The Biro Boys Return to Neverland
[ By Dawne Belloise ]
When the beloved self-appointed mayor of Irwin, John Biro, passed away December 8, 2019, he left his two young sons Tucker and Logan essentially orphaned. However, their older half-brother, Robin, stepped up to adopt his younger siblings.
Robin recalls of that traumatic time, “The boys went to the cabin with me. I got a snowcat and Corey Bryndal went up there with us. I told the boys to pack whatever they wanted and we’d send it back. Tucker packed survival things only – a hammer, a wrench and fire starter. Logan only packed a stuffed animal, his favorite, and said ‘I don’t want any of this,’ as he looked into the bedroom from the kitchen, and proclaimed, ‘I want a fresh start.’”
Free and wild Irwin kids, Tucker and Logan went from survival mode, roughing it off-grid in snowbound Irwin and carefree summer days out at the lake with Dad, to a Georgia mansion where Robin has provided every opportunity for them to excel in life. A former U.S. Army Ranger, Robin’s VA benefits will allow both boys to attend college with all the benefits.
Robin recalls a time when he was visiting the boys and his dad and they were at the Brick Oven. “The boys were running around and there was a salad bar and the boys were eating off the salad bar and putting the food back that they didn’t want. I caught Dad’s attention and said, ‘Dad! Dad! Are you going to do something about this?’ and he said, ‘Let them graze, it’s the only way we can enjoy our meal.’” In his own defense, Tucker assures that he was only 7 years old when that happened.
Since it was winter in Irwin when Biro passed, their home was quickly closed up and winterized with the help of neighbors and friends. This past week, all three of the boys and John’s brother Scott (without whom none of this would be possible, Robin says), returned to the cabin for a massive clean-up, estate sale and to give away some Biro memorabilia in preparation to sell the old homestead. Multiple dumpsters were hauled in and out and the fleet of snowmobiles were scooped up for parts or taken away. As a snowmobile mechanic, John Biro had what seemed like a million tools, hanging on nails driven into the logs of his shop walls, on the never-ending rows of homemade shelves, in toolboxes and on acres of countertop worktables. He had enough spare parts laying around to build or repair snowmobiles into the next century. The boys worked practically non-stop to clear out the place so buyers could see its potential.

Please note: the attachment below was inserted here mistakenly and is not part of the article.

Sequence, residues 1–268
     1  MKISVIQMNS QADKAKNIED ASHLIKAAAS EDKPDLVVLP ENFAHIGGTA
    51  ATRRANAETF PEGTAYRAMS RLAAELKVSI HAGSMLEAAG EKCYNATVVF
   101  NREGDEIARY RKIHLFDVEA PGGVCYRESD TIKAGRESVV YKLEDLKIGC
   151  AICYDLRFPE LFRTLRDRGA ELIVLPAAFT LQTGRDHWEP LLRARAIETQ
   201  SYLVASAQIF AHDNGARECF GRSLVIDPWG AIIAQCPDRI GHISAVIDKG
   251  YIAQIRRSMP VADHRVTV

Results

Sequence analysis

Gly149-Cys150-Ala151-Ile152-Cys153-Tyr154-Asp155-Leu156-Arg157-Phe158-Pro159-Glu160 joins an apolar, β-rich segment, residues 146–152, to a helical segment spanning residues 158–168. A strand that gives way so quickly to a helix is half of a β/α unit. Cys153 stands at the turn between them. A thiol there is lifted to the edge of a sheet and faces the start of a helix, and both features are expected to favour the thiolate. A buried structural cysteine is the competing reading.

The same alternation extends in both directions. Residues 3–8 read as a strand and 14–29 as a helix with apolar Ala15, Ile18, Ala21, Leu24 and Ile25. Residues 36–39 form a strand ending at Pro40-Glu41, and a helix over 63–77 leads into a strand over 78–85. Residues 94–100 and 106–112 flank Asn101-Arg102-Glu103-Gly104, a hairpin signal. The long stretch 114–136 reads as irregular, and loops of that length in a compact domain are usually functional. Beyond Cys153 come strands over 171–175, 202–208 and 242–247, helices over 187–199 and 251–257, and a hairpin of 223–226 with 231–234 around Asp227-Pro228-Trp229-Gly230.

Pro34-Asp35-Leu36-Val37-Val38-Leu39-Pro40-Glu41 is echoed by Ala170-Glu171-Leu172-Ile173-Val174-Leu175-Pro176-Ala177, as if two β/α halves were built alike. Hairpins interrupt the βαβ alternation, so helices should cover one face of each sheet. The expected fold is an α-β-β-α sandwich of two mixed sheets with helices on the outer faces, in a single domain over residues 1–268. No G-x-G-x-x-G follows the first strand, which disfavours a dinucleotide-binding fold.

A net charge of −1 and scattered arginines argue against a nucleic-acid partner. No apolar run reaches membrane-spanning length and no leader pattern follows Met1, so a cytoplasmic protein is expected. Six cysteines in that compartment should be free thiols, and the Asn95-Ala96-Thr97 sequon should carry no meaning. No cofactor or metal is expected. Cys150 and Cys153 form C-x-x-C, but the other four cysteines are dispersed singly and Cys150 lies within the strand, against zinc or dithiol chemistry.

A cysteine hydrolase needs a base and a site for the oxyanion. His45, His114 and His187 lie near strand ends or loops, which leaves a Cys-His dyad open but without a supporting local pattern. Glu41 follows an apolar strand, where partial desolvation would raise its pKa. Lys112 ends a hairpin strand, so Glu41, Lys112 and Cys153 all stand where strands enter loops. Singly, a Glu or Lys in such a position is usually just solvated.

Tucker Biro, named after Crested Butte’s other notorious character, Tuck, turned 14 this year. He is tall and slender, smiles a lot and he’s an absolutely brilliant young man with straight A’s in accelerated classes and he is now in gifted classes with a propensity towards engineering. He’s also joining Boy Scouts and is already in the Robotics Club, a nationally renowned club that builds and programs robots with state and national competitions.
Logan, now 10 years old, sports designer glasses that belie his mere one decade of age and certainly give him a very sophisticated look. He still exudes his usual boisterous verve and his passion these days is wrestling and he’s in Cub Scouts. Both boys are well adjusted to suburban life, in golf and tennis clubs, swimming in their pool at home (the cement version of Lake Irwin) and are excelling in school.